SM: I wanted to talk about the marketing and distribution of the film because it's been really interesting. In 1990, artist Martin Sharp and Remo Giuffre of the Remo Store, which is in the film, collaborated in marketing Eternity. Martin Sharp's pop art painting of the word Eternity is nearly as famous as Arthur Stace's chalk writings. The store allowed us to get into the merchandising aspect of the film, which most documentaries don't have. There were T-shirts and postcards, and we got templates made so that we had a lot of people out in the streets at nighttime chalking Eternity in yellow and white chalk. We had a big shop window that had the word Eternity displayed in it, and taxicab drivers remembered it and bus drivers remembered it, because they passed the shop window all the time. There are so many people now who talk about the film, and they haven't even seen it.

I think it pushed documentary a little further into a respectable place. Documentaries mostly get screened here on the ABC [Australian Broadcasting Corporation], which is great, but they kind of fade really quickly. They don't have a lasting resonance on people.

 

Congratulations on winning the Crystal Heart Award at the Heartland Film Festival. It came with a wonderful cash prize [$20,000].

LJ: It's an amazing festival. It's only been running for three years. I think they're interested in changing the morals of Hollywood, in a sense, so they're looking for pictures that are life affirming. A lot of people think I'm religious because of the subject matter of Eternity or that I'm a Christian. Going to Indianapolis, I thought that they would expect that of me. So it was refreshing not to pretend that I was, because my attraction to Eternity involved many interests, really, apart from the story.

 

Spiritually or emotionally, what were your reasons for making the film?

LJ: I think the older you get, you start to think about how long you have to live here. Some friends of mine have passed away from AIDS in the last couple of years, and as a filmmaker [it's made me] think, What are the important stories to tell? This story was so rich in terms of being a portrait of somebody who was perceived as an eccentric, yet achieved something without any kind of money or education through an unusual repeated action over a number of years. Also I wanted to make a photographic portrait of the city of Sydney, from the past to the present, which included the underbelly of city life. The past documentaries of Australian life have generally concentrated on the positive aspects of life. American cinema has much more of a history of recording urban environments. This film seemed a wonderful way to explore Sydney because of Arthur Stace's walks through the city early in the morning and late at night.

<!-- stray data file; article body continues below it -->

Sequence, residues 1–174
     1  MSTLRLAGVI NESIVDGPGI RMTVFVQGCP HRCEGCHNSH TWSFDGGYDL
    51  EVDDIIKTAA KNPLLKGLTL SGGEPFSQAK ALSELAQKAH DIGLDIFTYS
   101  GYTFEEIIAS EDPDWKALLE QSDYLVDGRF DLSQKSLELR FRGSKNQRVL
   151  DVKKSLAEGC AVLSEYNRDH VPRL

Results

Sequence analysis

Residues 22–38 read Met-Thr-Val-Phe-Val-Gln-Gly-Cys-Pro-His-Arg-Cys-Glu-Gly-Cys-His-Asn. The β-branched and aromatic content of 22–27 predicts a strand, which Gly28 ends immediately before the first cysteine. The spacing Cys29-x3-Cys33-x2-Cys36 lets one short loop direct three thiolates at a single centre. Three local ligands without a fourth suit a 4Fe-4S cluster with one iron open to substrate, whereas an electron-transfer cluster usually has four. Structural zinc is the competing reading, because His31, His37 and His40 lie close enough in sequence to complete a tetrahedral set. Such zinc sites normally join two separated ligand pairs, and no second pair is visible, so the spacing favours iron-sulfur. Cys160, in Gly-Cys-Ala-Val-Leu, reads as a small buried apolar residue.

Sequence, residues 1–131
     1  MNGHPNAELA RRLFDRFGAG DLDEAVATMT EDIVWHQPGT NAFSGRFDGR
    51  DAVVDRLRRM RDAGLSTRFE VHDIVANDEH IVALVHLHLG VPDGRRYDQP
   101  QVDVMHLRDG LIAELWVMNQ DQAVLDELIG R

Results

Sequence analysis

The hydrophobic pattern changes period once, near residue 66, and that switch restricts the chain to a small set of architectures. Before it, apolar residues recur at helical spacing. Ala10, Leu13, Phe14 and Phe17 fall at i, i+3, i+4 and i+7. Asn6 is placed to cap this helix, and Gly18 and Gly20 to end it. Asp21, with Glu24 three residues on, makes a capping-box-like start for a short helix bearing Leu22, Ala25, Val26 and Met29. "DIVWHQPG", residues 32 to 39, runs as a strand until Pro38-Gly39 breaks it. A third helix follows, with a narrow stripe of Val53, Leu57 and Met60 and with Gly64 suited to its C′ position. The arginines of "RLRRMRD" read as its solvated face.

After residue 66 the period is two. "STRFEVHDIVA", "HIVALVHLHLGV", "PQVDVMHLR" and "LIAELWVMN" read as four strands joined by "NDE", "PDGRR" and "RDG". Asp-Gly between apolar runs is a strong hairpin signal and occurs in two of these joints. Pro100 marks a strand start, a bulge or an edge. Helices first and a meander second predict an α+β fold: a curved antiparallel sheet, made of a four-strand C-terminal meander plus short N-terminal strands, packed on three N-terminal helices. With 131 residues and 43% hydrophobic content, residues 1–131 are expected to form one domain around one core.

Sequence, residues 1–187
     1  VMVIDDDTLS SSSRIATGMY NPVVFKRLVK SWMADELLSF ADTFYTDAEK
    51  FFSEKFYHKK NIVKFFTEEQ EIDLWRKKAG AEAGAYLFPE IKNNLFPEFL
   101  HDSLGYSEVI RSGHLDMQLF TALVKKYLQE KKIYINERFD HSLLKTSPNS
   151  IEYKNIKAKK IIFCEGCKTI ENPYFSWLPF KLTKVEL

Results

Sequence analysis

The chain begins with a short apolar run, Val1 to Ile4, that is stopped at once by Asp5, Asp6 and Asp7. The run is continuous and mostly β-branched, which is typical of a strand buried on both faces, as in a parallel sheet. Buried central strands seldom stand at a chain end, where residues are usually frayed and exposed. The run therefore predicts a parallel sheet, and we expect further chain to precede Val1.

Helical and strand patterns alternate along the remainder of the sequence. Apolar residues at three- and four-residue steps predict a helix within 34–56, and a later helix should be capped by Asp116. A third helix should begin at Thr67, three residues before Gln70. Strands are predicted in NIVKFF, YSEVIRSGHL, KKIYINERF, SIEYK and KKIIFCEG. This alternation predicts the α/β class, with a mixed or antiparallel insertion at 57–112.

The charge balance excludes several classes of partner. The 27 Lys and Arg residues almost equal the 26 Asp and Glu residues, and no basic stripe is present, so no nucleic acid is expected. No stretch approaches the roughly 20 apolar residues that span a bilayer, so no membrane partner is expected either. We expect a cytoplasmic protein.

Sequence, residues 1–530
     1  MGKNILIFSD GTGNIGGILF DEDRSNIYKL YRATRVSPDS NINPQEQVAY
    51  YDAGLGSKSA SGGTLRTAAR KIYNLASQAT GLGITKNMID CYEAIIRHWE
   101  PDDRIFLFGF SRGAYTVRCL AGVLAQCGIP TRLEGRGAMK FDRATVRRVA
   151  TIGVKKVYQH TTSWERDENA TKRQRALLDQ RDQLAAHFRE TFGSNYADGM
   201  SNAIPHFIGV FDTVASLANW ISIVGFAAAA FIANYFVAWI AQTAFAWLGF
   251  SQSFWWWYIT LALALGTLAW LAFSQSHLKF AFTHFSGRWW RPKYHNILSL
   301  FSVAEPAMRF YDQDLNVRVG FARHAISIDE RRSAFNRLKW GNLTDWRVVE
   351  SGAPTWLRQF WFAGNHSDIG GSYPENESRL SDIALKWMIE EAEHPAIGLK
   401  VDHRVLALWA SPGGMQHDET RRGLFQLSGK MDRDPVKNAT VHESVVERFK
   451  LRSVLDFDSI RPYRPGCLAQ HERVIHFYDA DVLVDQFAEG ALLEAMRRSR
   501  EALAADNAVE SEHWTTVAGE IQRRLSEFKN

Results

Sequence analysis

In the scenes of the Stace figure walking through the city, you achieve a feeling of walking through both space and time.

LJ: I open the film with shots of cities around the world because a form of eternity for me is the here and now. We are in a sense in eternity; it goes on all the time. People walking on streets, as well as the icons like the New York sky­ line, Big Ben in London, and Hollywood Boulevard in Los Angeles are icons that are known worldwide when you think of cities. In Sydney our icon is the Harbour Bridge, which figures a number of times in the picture. The film explores the iconography of a city in a kind of different way, mixing architecture with what Stace did.

 

How is it that a word became an icon? What did it tap into in people?

LJ: I think that one of the things the word tapped into is that eternity connotes a hope, a hope that life will go on. That if you're involved in a relationship with somebody, it will be for­ever, there will be a long history of that life or experience. Particularly now it's quite apt because of the way the media is constructed-everything is chang­ing so much, and people's experiences are more short-lived. You go down to a street, and a shop you thought would be there isn't there any­more. I think one of the appeals the film has to people is that there could be a notion of eternity in some form. I think this is what happened when people saw the word originally, because it was a time before graffiti was commonplace.

 

I was interested to see that you chose to call your interview subjects "witnesses."

LJ: It is a Christian kind of term. [Everyone we interviewed] was a witness in one form or another. Also by my action as a documentary filmmaker [I was] having them report to me what they witnessed.

 

What was the process you went through doing archival research?

LJ: We used a combination of material, patched together from lots of sources. I sat through endless tapes. The archival material that makes up the opening sequence in Eternity came from Petrified Films in New York, who have a very extensive library. They were terrific. They had all this footage that was shot by Warner Brothers in the 1940s as street backgrounds. I believe that the opening shot was actually shot to be used in the Gary Cooper film The Fountainhead in 1949.